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Oh goodness, another special moment was when a group of young boys “gave us choreography” during worship time. It was AWESOME. Somewhere between Bollywood and Zumba, they started dancing wholeheartedly to some beat-filled number, and it was mesmerizing! I SO wanted to get up there with them. Don’t worry— I fought the urge.

 

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We saw and heard all sorts of things during our village time. It was like travelling back in time with the oxen and the paddy fields and the women working in the beautiful oceans of red chilies. Markets were a cornucopia of glorious colour and spicy aromas. Temples are situated all over the place, and we came across a very interesting six-foot-tall anthill complete with an idol. Villagers come to pour milk into the great big holes at the bottom, to appease the snakes, their gods, which reside under said anthill. Uh-huh.

Do they need God’s light in the village? Desperately.

 

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Also, there was much Hindu chanting to be heard via loudspeakers at any given time. Even when we were trying to lead a service (churches don’t have windows with double-glazing—or any glazing at all come to think of it) the ah-ahhhh-ahhh warbly, repetitive sounds would sometimes be overpowering. On one such occasion, I managed to yell my way through singing “Grace Like Rain” for the congregation, but we were a bit concerned when Lyndon got up to preach. The chanting had been super loud, and unbelievably distracting, even during the music. But Pastor Nelson prayed (in the native Telegu language), and as soon as Lyndon opened his Bible to start speaking, the chanting from outside stopped immediately. Silence. Lyndon ploughed on seamlessly, and it wasn’t until afterwards we learned that Nelson had simply told the people they had to pray during the preaching, so the Word could be heard. Prayer answered. Boom. One of soooo many. These people believe in prayer utterly and completely. They have seen the power of prayer at work in their communities, and they have tremendous faith.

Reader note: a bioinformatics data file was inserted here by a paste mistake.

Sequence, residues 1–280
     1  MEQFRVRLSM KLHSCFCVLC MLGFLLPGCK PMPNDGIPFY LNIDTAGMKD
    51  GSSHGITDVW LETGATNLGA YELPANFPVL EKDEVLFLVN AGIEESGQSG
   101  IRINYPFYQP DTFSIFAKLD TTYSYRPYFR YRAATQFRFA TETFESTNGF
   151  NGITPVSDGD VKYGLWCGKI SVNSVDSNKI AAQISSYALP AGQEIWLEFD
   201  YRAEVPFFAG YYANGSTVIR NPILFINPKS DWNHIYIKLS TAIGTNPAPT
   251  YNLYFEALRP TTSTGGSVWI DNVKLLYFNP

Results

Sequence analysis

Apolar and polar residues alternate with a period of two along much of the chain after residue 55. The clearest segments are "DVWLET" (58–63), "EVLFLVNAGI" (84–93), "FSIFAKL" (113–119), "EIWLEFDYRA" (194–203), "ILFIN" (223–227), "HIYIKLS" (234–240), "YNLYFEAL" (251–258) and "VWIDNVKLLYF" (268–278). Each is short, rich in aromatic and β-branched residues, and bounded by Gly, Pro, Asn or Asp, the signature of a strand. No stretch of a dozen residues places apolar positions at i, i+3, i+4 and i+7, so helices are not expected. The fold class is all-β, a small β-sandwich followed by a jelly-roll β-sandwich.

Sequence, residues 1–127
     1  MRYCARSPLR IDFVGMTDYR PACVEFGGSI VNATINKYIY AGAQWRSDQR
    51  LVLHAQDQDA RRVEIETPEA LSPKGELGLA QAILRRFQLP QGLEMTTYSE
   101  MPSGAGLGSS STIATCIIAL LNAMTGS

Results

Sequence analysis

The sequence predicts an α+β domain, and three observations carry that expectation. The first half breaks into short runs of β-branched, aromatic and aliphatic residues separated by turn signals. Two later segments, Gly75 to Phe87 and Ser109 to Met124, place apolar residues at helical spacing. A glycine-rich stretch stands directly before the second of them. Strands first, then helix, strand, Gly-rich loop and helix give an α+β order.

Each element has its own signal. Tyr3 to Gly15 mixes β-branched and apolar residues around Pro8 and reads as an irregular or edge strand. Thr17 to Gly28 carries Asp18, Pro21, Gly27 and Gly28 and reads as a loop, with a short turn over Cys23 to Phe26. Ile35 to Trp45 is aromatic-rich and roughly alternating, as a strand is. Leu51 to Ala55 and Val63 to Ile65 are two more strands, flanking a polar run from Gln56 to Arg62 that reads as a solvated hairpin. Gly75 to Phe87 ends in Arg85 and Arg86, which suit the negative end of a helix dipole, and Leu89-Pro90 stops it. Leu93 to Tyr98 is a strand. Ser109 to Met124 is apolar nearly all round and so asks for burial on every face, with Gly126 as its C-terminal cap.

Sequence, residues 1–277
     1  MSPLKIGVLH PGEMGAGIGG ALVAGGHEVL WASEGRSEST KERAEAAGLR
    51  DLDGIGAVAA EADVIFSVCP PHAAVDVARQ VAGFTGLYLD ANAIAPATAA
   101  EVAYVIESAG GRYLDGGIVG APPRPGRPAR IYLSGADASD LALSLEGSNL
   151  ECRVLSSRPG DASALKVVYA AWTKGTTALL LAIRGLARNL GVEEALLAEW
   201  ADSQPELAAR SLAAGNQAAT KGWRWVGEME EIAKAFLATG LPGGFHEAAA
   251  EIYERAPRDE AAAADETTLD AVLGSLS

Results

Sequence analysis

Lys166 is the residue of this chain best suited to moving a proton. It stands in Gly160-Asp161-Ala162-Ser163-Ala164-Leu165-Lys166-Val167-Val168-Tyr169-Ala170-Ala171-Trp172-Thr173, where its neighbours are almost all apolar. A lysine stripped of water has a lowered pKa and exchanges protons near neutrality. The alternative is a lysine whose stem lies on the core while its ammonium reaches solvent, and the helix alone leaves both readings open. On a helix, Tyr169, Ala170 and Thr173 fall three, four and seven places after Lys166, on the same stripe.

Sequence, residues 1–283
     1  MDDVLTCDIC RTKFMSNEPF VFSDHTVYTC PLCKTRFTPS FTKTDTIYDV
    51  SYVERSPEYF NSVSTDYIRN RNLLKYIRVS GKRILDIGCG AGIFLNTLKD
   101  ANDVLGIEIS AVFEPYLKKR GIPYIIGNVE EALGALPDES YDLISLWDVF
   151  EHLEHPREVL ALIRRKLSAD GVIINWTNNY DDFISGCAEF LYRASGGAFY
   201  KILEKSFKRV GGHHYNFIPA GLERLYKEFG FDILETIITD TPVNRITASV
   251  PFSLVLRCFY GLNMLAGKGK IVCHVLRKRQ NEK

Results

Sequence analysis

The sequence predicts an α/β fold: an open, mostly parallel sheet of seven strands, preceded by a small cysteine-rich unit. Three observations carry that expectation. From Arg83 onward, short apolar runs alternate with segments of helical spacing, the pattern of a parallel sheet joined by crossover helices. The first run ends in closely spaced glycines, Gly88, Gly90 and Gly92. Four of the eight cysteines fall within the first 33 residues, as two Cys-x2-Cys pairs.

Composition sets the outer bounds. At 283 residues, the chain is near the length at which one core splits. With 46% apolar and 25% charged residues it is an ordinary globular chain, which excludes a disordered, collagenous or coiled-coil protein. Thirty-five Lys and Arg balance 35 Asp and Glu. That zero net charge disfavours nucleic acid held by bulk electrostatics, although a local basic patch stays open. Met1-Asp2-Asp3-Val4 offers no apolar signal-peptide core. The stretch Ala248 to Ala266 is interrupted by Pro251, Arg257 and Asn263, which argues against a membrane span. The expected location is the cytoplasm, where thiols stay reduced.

God’s light in the village? Umm yes.

 

I learned so much from our time with the village churches. I saw love in action over and over again. I saw joy, pure and glorious. I saw a faith so simple yet so profound, it took my breath away. I will never forget these lights in the villages. These people with a message of truth to proclaim. It was a privilege to be a part of their lives, even briefly.

 

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And the challenge over and over— how much of a light am I in my “village”?

Until the next Indian installment…

 

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http://jenniferdukeslee.com/tellhisstory-who-are-we-if-not-people-of-the-cross/